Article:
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April 12, 2005

Laser beams sort stem cells and cancer cells by springiness

Topics: Medicine

Measuring the "stretchiness" of cells using a new laser technique promises to pinpoint human stem cells in blood and distinguish cancerous cells from benign ones. This new technology, although strictly a diagnostic tool, could turn out to be one of our most important methods in fighting cancer.  After all, we can't fight what we don't know about. Imagine being able to pick out cancerous cells from biopsies as small as just 50 cells, when traditional methods need between 10,000 and 100,000 cells to give a diagnosis. And even better, the researchers say this is the first test able to identify metastatic cancer cells - those which are prone to spreading through the body to form secondary tumours - without actually locating any metastatic tumours. Now we're talking about very early detection which translates to earlier treatment and  greater opportunities for  success.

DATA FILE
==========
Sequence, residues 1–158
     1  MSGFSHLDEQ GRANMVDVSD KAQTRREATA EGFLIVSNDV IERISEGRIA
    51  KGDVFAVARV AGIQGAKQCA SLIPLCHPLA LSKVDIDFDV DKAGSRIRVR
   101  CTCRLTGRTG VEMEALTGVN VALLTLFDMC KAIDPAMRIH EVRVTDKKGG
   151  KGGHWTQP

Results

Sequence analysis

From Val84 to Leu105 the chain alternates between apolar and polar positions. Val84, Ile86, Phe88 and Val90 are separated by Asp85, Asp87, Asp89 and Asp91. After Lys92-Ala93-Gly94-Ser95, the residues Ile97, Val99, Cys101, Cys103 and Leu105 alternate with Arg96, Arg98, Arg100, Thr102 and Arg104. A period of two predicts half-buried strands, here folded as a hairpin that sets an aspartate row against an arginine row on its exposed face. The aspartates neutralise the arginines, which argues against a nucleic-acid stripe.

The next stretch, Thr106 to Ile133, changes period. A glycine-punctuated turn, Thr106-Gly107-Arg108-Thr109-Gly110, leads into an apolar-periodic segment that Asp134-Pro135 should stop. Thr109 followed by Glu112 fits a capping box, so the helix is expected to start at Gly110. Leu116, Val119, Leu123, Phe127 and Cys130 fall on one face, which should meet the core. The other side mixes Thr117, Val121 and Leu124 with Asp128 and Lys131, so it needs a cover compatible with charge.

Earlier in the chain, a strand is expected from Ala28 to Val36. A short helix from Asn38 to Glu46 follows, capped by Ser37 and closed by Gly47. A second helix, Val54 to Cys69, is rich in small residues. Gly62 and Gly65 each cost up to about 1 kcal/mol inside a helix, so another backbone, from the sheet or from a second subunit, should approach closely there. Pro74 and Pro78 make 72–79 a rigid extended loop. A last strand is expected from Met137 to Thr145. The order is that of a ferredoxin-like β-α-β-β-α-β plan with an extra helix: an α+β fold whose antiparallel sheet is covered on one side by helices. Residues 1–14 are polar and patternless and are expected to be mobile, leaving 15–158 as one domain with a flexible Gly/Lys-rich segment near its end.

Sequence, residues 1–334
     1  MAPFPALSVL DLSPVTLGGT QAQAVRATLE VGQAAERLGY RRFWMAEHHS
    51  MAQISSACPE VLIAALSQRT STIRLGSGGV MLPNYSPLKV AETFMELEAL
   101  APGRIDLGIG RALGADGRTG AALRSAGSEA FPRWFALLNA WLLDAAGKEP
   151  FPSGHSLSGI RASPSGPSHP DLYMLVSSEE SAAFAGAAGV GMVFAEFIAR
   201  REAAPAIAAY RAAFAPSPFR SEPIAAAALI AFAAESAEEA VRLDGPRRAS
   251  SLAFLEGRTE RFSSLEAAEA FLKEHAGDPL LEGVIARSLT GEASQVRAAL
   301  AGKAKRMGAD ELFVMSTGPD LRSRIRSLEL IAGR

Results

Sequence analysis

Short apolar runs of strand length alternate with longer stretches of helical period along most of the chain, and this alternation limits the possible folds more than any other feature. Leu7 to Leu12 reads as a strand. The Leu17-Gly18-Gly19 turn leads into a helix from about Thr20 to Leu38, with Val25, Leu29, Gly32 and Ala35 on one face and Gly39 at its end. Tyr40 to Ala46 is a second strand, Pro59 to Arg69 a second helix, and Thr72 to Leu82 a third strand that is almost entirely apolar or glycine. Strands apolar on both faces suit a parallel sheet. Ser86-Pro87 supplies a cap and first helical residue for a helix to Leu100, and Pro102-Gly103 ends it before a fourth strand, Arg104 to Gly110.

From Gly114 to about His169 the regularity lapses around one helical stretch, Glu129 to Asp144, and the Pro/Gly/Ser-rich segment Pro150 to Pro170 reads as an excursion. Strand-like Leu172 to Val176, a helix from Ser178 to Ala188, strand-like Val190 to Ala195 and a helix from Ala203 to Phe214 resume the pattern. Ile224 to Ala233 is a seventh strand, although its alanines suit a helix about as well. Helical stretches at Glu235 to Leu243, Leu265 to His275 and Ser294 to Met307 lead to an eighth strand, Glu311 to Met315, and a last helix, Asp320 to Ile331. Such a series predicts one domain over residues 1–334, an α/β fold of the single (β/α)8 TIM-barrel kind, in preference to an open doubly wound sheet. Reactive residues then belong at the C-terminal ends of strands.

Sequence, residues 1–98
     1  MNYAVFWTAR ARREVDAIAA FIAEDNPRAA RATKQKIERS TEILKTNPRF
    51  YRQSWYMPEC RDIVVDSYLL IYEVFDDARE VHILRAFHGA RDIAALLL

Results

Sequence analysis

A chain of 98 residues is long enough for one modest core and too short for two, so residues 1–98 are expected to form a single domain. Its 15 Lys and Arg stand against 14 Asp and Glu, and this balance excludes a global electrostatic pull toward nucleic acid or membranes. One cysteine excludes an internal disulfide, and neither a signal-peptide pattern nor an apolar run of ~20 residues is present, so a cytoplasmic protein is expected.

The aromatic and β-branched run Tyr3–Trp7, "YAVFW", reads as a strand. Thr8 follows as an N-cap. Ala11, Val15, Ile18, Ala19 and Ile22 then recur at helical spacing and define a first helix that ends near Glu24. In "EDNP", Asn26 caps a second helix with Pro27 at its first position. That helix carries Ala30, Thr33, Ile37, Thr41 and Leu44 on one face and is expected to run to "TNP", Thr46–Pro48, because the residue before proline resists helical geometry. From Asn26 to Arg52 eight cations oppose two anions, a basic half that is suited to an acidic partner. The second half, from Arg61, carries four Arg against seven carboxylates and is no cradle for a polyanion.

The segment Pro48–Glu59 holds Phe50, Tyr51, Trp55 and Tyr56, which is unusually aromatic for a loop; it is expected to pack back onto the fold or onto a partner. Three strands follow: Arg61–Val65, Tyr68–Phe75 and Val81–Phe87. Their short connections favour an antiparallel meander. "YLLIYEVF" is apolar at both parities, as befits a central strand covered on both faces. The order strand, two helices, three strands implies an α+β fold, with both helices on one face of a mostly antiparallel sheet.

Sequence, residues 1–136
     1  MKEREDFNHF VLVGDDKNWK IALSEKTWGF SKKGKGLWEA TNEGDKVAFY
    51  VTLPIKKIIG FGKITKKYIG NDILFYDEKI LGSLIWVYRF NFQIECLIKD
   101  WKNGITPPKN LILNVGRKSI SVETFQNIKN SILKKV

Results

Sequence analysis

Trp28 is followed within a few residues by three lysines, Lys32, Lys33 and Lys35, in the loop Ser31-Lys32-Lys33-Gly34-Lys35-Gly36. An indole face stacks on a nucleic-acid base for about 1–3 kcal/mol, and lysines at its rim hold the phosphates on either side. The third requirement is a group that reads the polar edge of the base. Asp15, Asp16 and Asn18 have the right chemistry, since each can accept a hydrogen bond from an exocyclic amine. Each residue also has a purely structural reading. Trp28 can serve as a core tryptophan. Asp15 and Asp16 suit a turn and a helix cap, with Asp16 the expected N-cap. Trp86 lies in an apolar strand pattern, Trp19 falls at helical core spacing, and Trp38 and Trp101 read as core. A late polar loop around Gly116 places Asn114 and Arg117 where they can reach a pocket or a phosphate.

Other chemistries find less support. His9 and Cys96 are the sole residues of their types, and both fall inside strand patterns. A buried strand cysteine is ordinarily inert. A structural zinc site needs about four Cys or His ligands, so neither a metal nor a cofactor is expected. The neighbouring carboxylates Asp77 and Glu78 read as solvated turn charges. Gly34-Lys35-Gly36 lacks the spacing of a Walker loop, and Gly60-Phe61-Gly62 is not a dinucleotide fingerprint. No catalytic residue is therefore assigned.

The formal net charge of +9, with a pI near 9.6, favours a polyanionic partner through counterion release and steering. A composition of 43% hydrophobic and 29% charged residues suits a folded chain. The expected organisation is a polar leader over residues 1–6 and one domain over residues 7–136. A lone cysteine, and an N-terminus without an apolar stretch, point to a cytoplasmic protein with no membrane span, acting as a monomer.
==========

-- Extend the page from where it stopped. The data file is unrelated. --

(...)  Using an "optical stretcher", which pushes and pulls individual cells to measure their elasticity, Josef Käs and Jochen Guck from the University of Leipzig in Germany successfully separated adult stem cells from human blood.

(...)  Cells from most organisms have an internal scaffolding, called a cytoskeleton, which keeps their shape and helps them move. But this structure is less strong in cells which either have no reason to organise themselves, like primitive stem cells, or because they "de-differentiate", like cancer cells - which lose the special characteristics of the tissues in which they originated.

(...)  This means that stem cells and cancerous cells are more springy than other cells. And metastatic cells are suppler still.

(...)  Using the optical technique, cells from a sample are pushed one by one into a gap between two opposing infrared lasers. As the light from each laser beam enters the cell, it changes momentum because the cell has a higher refractive index. This gives the cell a "kick back"   .... and when the beam leaves the cell it gives it a "kick forward".

Read more ...

Other coverage - BBCNews (UK)

Cross posted at NewHopeBlog

Posted by Hyscience at April 12, 2005 1:45 PM



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